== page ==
Sanofi Pasteur and the University of Melbourne are engaging in an agreement co-funding Proof-of-Concept studies - core to the University's capability and of strategic interest to Sanofi Pasteur - covering programs in infectious diseases, microbiology, and immunology, in a project running from 2014 to 2017.
Sanofi Pasteur (SP) is the Vaccines Global Business Unit of Sanofi, the world's largest manufacturer of human vaccines, making it a great match for the research strengths of The University of Melbourne (UoM) in immunology and infection, and creating positive global partnership through a novel funding mechanism.
Given the strong alignment of interests between SP and UoM, it is not surprising that the collaboration has been very productive and several outstanding projects were identified. The collaborative culture of both organisations will continue to underpin new projects and future products in infection and immunology.
SP and UoM agreed to develop programs of mutual interest that will be based on criteria including novelty and applicability for vaccine development. The agreement specifies that joint project teams from SP and UoM will collaborate on the development and execution of specific programs. SP will have the first right-of-refusal to acquire exclusive, worldwide licenses to develop and commercialize the technology, and the first project falling under this agreement was announced in December 2016, with Dr. Adam Wheatley as the Principal Investigator.
University of Melbourne's Dr. Adam Wheatley from the Department of Microbiology and Immunology at the Doherty Institute was the inaugural recipient of funding for his proposal, Development of antibodies for broad protection against influenza B. The proposal was selected by the joint Committee from 10 applications and will receive $200,000 jointly funded by the partnership. The project aims to develop influenza vaccines that can extend coverage beyond the single year that is currently available.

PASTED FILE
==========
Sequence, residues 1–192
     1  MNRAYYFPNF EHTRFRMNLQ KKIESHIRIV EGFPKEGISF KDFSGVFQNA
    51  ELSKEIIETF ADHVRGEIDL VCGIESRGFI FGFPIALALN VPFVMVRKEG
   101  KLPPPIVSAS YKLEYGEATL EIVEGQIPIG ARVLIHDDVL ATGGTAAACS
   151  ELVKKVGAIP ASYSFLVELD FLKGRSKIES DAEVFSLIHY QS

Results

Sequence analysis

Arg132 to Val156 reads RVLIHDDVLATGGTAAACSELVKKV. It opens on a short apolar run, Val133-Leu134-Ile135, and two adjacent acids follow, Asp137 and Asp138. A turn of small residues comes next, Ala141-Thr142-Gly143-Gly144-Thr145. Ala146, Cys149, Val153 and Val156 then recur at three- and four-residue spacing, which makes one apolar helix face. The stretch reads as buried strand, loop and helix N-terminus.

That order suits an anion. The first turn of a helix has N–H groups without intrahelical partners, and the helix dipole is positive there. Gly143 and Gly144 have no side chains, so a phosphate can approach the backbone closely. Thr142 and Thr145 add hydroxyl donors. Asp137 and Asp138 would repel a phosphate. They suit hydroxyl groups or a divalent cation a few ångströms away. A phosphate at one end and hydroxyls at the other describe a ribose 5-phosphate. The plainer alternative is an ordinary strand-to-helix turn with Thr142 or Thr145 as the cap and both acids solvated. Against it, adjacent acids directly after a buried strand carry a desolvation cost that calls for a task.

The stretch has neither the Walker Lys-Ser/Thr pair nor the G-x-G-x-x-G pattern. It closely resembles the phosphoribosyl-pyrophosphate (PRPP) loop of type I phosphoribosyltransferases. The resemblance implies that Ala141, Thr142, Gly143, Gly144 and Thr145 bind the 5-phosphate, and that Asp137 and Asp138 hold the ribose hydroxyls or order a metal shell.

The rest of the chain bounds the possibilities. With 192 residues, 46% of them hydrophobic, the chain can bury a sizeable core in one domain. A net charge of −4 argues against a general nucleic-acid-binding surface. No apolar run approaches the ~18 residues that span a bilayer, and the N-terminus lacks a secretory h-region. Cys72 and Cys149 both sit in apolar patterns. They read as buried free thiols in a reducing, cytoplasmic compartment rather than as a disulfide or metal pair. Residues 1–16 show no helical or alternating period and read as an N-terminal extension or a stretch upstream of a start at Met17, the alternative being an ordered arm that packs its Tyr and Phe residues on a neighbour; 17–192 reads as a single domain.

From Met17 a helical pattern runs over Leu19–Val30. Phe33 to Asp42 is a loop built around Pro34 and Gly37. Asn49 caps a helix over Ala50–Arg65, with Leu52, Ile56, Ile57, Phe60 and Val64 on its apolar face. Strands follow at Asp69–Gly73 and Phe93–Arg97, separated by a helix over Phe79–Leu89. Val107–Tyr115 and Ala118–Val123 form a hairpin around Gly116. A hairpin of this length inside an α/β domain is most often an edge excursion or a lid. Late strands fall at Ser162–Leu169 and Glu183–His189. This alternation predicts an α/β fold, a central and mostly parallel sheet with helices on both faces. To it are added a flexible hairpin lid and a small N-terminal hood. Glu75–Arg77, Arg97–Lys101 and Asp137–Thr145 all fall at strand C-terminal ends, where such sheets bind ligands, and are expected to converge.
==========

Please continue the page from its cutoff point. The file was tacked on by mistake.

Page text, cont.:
The funding will assist Adam and his team to identify novel monoclonal antibodies that might have use as either a novel clinical intervention to prevent severe influenza or otherwise provide clues on how to design the next generation of influenza vaccines.
"It's been really invaluable to gain access and some insights into the minds of industry surrounding the vaccine space in infectious diseases and I'm looking forward to a productive and fruitful collaboration moving forward," said Dr. Adam Wheatley.
Russell Jacobson, General Manager Sanofi Pasteur Australia/New Zealand said, "Influenza infections have a major impact globally, both morbidity and mortality-wise. While we have good vaccines, there's room for improvement because seasonally we have to make new ones so we're hoping this project will go some way to find the silver bullet."
University of Melbourne Professor Elizabeth Hartland, Acting Pro-Vice Chancellor, Research and Partnerships and External Relations, said the agreement between Sanofi Pasteur and The University of Melbourne provided a rare opportunity for academic researchers to develop a close relationship with industry and to develop their commercially focused arm of their research under the guidance of such an important player internationally.
This Proof-of-Concept Fund is just one of several links in commercialisation with The University of Melbourne, but it represents a new chapter in deeper and faster engagement in product development in vaccines based on University research.
Key contact for further info:
Kerry A. Hegarty, Ph.D. | Business Development Director
Research, Innovation & Commercialisation | The University of Melbourne
T: +61 3 8344 2017 M: +61 401 188 639 E: email@example.com